Tuesday, November 17, 2009

Not sure.



I found this embedded on a friend's blog, so I did what all good researchers do, I copped the URL. Yesterday was a good day for a melt down. I wasn't in school and I had the time to fully appreciate the pressure of having three books due by year's end. Today was a great day for a recovery -- a full day at my desk to put ideas in documents and chapters in folders. How long will my productive recovery period last? Not sure.

The book on vocabulary development, High Definition is the closest I ever want to get to a dissertation. Too close, as a matter of fact. Lots of research, lots of URLs, piles of books, three years of classroom student samples, even index cards. Yes, I come from that generation of small white cards sorted by topic. On a good day, I think like stacks of little index cards. On a bad day, the cards are all airborne and refuse to be corralled. This is a real image in my mind. Putting ideas in little stacks. What images come to the minds of kids whose hands guide controllers and keyboards instead of pens? Not sure.

Exchanged email with an old friend (we are of course not old, there have just been a lot of years since we met) who commented that my blog really put my life out there. Another friend once observed that for some people their life is an open book, mine (because of all the books of poetry) is like a billboard. Is that too much or just enough? Not sure.

I exchanged a couple of emails with an artist friend who is illustrating two of the new books and currently working on Zombies! Evacuate the School. I told her that my insecurities were barking yesterday. She told me that sometimes hers "meow and growl and beat on the door with fists." Producing art of the written or drawn kind is a constant struggle with the critical internal voices that push you to do better one minute and trip you up the next. Will I ever be able to quiet them? Seems like I should have mastered that by now, but at this point . . . not sure.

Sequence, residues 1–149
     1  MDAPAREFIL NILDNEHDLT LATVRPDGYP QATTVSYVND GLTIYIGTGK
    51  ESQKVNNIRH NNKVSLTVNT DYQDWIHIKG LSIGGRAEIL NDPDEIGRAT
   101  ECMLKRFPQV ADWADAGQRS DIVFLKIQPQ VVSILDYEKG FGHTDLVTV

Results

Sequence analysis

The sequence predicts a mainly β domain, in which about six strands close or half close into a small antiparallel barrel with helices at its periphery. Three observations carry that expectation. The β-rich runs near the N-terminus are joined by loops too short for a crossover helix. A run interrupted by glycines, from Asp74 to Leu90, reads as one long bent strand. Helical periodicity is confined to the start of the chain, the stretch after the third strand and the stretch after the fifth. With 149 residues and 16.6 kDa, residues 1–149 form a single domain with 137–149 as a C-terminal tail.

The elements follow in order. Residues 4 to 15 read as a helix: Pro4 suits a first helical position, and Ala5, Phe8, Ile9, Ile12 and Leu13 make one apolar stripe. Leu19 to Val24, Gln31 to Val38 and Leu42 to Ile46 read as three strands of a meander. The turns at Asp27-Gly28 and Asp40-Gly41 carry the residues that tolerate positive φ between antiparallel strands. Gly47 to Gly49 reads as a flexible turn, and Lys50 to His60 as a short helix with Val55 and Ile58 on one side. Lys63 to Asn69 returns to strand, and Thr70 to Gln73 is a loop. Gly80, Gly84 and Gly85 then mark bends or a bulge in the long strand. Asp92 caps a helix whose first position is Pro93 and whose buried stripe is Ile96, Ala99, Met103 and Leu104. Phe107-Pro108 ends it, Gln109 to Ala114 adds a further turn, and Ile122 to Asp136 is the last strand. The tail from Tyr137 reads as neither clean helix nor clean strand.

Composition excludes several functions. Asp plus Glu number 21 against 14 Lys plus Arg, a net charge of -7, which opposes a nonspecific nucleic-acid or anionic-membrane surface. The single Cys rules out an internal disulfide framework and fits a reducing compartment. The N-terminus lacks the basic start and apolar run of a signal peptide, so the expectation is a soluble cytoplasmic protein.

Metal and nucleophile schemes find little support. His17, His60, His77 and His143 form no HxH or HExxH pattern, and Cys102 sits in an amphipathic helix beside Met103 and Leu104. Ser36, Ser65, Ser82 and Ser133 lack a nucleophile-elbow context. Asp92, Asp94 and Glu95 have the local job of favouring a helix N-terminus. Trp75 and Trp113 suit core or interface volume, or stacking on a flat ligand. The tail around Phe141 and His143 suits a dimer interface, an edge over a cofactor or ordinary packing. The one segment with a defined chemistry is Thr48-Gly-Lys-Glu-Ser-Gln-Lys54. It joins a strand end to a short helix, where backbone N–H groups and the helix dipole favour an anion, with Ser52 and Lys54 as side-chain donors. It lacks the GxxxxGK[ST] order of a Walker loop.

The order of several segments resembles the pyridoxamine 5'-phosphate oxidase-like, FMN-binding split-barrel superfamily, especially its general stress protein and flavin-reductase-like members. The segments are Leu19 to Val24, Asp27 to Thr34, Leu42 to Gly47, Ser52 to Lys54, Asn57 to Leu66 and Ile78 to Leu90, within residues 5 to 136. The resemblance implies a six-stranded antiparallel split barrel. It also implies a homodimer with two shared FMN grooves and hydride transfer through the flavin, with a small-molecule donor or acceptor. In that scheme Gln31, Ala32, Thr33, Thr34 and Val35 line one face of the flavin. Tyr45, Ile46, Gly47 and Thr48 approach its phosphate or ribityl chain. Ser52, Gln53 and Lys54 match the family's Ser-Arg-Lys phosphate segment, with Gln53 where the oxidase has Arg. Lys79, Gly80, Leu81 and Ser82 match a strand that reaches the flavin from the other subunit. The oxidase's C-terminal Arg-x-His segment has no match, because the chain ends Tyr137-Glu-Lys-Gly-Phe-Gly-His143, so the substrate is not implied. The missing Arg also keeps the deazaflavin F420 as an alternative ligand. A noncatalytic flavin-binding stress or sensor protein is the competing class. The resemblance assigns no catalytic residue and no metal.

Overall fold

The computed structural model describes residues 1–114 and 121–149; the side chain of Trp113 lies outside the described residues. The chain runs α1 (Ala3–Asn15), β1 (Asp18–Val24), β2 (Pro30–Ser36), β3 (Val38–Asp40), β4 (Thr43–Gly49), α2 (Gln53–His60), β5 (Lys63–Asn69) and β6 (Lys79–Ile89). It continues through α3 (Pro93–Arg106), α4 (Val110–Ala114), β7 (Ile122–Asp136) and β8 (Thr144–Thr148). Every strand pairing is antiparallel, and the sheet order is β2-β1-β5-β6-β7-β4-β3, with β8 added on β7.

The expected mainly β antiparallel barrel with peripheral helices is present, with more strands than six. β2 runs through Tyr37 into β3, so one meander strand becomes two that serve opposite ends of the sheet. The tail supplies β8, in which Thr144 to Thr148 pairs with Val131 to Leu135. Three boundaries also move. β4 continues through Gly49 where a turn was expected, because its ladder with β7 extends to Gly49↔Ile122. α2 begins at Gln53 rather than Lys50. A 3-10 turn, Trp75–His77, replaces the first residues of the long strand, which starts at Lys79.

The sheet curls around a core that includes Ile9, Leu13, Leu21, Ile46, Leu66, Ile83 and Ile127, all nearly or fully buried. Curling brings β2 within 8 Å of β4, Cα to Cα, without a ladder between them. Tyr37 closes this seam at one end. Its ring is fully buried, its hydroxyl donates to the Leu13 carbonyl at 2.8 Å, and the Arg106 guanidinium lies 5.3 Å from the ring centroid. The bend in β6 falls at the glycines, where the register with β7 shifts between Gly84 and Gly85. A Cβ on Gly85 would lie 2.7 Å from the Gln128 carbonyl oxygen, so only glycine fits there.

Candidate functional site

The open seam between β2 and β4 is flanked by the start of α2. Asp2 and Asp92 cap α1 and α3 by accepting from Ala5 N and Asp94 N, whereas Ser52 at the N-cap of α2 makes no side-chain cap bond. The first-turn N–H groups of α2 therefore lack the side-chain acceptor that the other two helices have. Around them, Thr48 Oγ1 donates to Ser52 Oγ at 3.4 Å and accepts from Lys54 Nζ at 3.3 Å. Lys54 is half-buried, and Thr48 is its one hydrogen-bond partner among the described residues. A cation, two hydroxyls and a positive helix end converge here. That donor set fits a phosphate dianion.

Then, I hit save on the poetry chapter of the vocab book and with a few spare minutes before bed, I found this little video which makes me wonder all over again if any of this has any practical value. Maybe I should be investing more of my time on facebook and less on writing? I'm not sure.

Time for bed.

3 comments:

Anonymous said...

Sara,

Wasn't sure how to contact you on your blog, so I chose this comment section. It was nice to meet you at the Lit and great to hear you read your poetry. You read one that was an insultingly funny dialogue between two people. I loved it. Would you share it with me agan? (poetswirl@att.net) You told me you like Dorothy Parker and I wondered if you read this one from her:

[Title??]

So if, my friend, you'd have it end/ There's naught to hear or tell/ But need you try to black my eye/ In wishing me farewell?/

I must admit and edged wit in woe is warrented/ May I be frank? Such words as "_____"/ Are better left unsaid

There's rosemary for you and me/
But is it usual, dear/ To hire a man and fill a van/ By way of souvenir?

Cheers,

Dan Mullen (aka McAvoy) [storyinblue.com]

Kim Sande said...

Dear Sara -- we have booked your for our North Dakota state reading conference April 29, 30 and May 1. I've seen you in person and I knew I wanted you to be our guest but now I read your blog and I am so proud of myself for picking you -- okay, but it's not all about me. You are wonderful -- I will be contacting you soon (through Heinemann) to run a few things by you. We are so glad you are coming!!!! -Kim Sande, Navigating Literacy in a Changing World, Conference Chair

Lee Ann Spillane: said...

It is not all for naught. What would my students (or I?) do without your poetry? They save us, Sara, so keep writing.